Next was Playa Azul, a much bigger place than Nexpa. I still managed to get a spot on the beach, and as usual, I only paid 30 pesos for camping (about $2.40). During my ride I heard a loud "BANG" from just below me that really startled me. It turned out to be the first innertube blowout of my life and was the result of my tire finally wearing out and tearing a little along the tread. I had been carrying a spare tire for almost 7 months and I finally had a chance to use it. Almost everyone who rides the PanAm uses Schwalbe tires, and most of them use the Marathon XR model. Some people claim to use only two sets of tires throughout the entire trip, which I always found hard to believe, but my own made it to just over a month from my half way point. Further down the road there was a good view of the ocean, and I could see some whales that were pretty close to shore.

On the 10th (January) I rode 71 miles to a town named Troncones, just north of Ixtapa and Zihuatanejo. It was hot, as usual, and I stopped for a while in the shade on the side of the road. A young couple drove up and stopped to make sure I was OK. They were Aaron and Meridith (I think) from the US, and they had toured across the US together a few years ago. Meridith told me about drinking Coconut milk to stay hydrated, which I had never tried. Eventually they drove off and I started riding again, but after about 10 minutes they were back with a coconut for me to try! The cocunuts are cut on the top and bottom to create a "barrel" shape, and there is a hole on the top to drink through using a straw. I wasn't a big fan of the coconut milk, but it was a really cool thing for them to do and I definitely appreciated the gesture.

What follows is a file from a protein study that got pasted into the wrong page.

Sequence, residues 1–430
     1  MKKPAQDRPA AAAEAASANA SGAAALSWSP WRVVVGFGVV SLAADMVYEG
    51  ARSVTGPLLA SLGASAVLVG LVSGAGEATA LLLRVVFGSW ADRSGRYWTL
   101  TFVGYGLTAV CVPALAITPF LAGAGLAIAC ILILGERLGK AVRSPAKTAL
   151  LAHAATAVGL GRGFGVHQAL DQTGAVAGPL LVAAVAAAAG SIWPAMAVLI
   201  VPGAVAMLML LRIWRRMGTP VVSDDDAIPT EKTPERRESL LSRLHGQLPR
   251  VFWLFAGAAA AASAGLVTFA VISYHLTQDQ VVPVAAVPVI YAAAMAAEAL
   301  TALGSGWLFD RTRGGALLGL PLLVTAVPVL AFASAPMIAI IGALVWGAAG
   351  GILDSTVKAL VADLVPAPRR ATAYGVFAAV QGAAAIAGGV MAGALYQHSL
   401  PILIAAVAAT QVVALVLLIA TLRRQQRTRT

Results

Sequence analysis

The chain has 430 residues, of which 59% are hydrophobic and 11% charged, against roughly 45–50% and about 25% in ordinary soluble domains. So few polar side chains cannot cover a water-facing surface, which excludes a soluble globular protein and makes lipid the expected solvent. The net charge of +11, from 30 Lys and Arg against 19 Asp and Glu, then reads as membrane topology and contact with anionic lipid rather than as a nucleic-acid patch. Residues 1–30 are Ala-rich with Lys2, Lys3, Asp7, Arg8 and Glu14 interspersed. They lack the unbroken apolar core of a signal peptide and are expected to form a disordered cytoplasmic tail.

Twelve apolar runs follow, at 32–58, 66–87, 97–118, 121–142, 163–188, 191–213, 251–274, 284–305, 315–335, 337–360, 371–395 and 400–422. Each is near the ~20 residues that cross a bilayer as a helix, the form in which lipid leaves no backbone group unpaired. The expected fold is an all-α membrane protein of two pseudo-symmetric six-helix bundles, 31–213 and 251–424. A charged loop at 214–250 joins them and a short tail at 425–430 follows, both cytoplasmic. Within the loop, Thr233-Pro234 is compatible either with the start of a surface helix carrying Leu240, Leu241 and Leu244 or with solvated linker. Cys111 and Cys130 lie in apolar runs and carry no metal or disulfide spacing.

Once I got to Troncones, I started searching for a place to camp. Everywhere I went recommended some other place for me to try. I finally found a place that would let me camp for free, if I agreed to buy breakfast there in the morning. That sounded like a good deal to me so I pitched my tent and went down the street for some tacos. That night I could hear some music coming from down the beach, so I walked down to check it out. One of the restaurants had what I guess would be called a talent show - there were quite a few different performances, from break dancers, to couples dancing in traditional constumes, to lasso performances. Pretty fun to watch.

The next day I just had to do a short ride into Zihuatanejo. It's a smallish city and as usual with cities, I wasn't hugely impressed. I like small, quiet places better. There was a nice hostel there though, and I got a private room for just under $10 per night. Since I was due for a day off, I decided I'd take it there. I rode through Ixtapa on my way there, but it was really just one gated driveway after the next, all leading to big all-inclusive resorts. There was a beach at the end of the road, and a fenced off area with alligators, iguanas and birds. My trailer had a flat tire at the beach so I repaired that as a bunch of locals looked on.